What Is Price Action Trading ?
1- The definition Of Price Action trading
2- Trading with “Messy” Vs “Clean” Charts
3- How to identify trending and consolidating markets using price action
4- How to trade with Price Action trading strategies
5- How to use chart confluence and Price Action signals
The Definition of Price Action Trading
Price Action Trading (P.A.T.) is the discipline of making all of your trading decisions from a stripped down or “naked” price chart. This means no lagging indicators outside of maybe a couple moving averages to help identify dynamic support and resistance areas and trend. All financial markets generate data about the movement of the price of a market over varying periods of time; this data is displayed on price charts. Price charts reflect the beliefs and actions of all participants (human or computer) trading a market during a specified period of time and these beliefs are portrayed on a market’s price chart in the form of “price action” (P.A.).
Whilst economic data and other global news events are the catalysts for price movement in a market, we don’t need to analyze them to trade the market successfully. The reason is pretty simple; all economic data and world news that causes price movement within a market is ultimately reflected via P.A. on a market’s price chart.
Since a market’s P.A. reflects all variables affecting that market for any given period of time, using lagging price indictors like stochastics, MACD, RSI, and others is just a flat waste of time. Price movement provides all the signals you will ever need to develop a profitable and high-probability trading system. These signals collectively are called price action trading strategies and they provide a way to make sense of a market’s price movement and help predict its future movement with a high enough degree of accuracy to give you a high-probability trading strategy.
“Clean” Charts vs. “Messy” Indicator-laden Charts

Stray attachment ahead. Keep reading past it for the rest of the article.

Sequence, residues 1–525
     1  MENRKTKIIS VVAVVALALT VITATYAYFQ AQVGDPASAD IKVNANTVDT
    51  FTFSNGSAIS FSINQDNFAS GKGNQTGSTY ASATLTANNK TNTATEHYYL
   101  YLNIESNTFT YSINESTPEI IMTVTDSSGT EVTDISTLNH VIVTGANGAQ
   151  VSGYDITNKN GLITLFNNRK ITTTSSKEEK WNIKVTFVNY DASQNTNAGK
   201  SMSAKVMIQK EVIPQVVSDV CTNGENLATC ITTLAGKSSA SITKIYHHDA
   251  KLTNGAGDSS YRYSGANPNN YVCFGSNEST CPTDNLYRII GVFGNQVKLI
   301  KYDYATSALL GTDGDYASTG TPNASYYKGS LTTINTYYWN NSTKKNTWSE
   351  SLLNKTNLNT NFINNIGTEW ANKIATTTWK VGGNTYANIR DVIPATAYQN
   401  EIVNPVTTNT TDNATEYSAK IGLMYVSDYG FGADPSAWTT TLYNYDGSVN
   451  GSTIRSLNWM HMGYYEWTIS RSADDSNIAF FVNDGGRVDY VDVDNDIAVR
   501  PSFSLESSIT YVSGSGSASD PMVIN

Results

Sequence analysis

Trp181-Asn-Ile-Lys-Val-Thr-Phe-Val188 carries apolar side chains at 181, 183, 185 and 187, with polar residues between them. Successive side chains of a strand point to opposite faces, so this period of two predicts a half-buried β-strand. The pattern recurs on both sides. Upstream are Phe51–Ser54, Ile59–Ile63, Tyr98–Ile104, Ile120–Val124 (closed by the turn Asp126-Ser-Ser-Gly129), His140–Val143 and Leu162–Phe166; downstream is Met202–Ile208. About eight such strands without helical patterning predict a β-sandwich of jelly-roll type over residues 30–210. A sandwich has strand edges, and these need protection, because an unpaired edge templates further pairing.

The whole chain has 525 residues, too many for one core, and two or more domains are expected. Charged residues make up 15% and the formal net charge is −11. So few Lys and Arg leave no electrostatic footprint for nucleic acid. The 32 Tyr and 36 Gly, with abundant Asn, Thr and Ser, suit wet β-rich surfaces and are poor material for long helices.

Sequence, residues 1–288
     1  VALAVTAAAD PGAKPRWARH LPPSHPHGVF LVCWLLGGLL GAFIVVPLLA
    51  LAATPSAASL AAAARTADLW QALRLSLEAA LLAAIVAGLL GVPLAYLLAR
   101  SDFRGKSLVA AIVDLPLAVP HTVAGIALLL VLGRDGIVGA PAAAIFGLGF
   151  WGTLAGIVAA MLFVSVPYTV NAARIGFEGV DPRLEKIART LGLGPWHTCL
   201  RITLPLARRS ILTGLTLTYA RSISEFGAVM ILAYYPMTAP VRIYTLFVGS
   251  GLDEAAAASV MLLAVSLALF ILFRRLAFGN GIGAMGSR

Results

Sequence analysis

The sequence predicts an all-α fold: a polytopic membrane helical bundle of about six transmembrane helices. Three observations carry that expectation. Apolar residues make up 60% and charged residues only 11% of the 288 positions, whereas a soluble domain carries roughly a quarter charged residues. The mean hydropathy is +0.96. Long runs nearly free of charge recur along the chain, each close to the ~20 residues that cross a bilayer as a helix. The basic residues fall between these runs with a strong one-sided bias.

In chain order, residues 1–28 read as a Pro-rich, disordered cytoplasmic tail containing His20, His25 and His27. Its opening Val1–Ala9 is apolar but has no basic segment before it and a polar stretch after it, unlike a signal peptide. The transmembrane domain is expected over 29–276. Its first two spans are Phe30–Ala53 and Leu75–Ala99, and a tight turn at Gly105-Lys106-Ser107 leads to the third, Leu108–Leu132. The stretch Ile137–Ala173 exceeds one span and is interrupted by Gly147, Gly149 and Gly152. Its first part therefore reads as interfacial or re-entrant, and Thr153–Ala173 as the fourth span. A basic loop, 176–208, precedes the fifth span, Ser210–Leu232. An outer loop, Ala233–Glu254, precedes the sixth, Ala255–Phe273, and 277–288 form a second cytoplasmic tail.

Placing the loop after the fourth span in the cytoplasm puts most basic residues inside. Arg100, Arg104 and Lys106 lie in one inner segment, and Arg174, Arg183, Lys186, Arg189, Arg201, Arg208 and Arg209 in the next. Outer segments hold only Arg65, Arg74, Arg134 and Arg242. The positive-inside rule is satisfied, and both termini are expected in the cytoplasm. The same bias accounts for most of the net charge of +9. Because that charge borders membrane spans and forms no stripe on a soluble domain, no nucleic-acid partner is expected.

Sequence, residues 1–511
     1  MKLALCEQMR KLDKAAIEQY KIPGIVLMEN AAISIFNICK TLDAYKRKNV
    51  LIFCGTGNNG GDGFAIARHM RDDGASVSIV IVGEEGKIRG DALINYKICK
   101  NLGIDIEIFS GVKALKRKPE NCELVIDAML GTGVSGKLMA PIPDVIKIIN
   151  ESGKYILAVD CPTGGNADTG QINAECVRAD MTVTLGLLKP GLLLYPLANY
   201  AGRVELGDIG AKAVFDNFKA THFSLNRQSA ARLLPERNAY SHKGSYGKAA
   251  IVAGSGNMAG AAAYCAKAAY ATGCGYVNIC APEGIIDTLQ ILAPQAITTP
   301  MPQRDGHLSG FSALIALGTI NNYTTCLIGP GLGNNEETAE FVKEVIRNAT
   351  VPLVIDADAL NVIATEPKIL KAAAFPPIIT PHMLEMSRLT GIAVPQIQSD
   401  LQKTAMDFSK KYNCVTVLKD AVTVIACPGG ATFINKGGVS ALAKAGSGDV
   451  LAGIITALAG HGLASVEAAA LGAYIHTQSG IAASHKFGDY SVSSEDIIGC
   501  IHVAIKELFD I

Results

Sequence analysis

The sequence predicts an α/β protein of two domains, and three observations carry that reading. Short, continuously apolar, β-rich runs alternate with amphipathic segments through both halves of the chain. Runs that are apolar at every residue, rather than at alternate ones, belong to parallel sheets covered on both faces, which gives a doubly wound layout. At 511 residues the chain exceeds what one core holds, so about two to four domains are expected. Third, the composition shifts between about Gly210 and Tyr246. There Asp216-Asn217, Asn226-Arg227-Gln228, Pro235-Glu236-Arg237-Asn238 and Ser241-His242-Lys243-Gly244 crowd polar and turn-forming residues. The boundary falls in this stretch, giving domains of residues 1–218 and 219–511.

Next, to demonstrate the stark contrast between a pure P.A. chart and one with some of the most popular trading indicators on it, I have shown two charts in the examples below. The chart on the top has no indicators on it, there’s nothing but the raw P.A. of the market on that chart. The bottom chart has MACD, Stochastics, ADX and Bollinger Bands on it; four of the most widely used indicators AKA “secondary” analysis tools as they are sometimes called:
The image example below shows a clean price action chart, with no mess, and no indicators, just pure price bars:
The image example below shows a messy price action chart, with lots of clutter, indicators and mess:
It’s worth pointing out how in the indicator-laden chart you actually have to give up some room on the chart to have the indicators at the bottom, this forces you to make the P.A. part of the chart smaller, and it also draws your attention away from the natural P.A. and onto the indicators. So, not only do you have less screen area to view the P.A., but your focus is not totally on the price action of the market like it should be.
If you really look at both of those charts and think about which one is easier to analyze and trade from, the answer should be pretty clear. All of the indicators on the chart below, and indeed almost all indicators, are derived from the underlying P.A.. In other words, all traders do when they add indicators to their charts is produce more variables for themselves; they aren’t gaining any insight or predictive clues that aren’t already provided by the market’s raw price action.
Examples of some of my favorite price action trading strategies:
Next, let’s take a look at some of the price action trading strategies that I teach. Note that I’ve included a “failed” trade setup because not every trade will be a winner; we aren’t here to show you “perfect” past trading results…we are here to teach you in an honest and realistic manner.
In the image example below, we are looking some of my favorite P.A. trading strategies:
Determine a market’s trend using price action
One of the most important aspects of learning to trade with P.A. is to first learn how to identify a trending market versus a consolidating market. Trading with the trend is highest-probability way to trade and it’s something you HAVE TO learn how to do if you want to stand a chance at making serious money as a trader.
The charts below shows how to use price dynamics to determine a markets trend. We consider a market to be in an uptrend if it is making Higher Highs and Higher Lows (HH, HL) and a downtrend is Lower Highs and Lower Lows (LH, LL).
In the image example below, we can see how higher highs and higher lows signal an up-trend in a market:
In the image example below, we can see how lower highs and lower lows signal a down-trend in a market:
Determine Trending VS. Consolidating markets using price action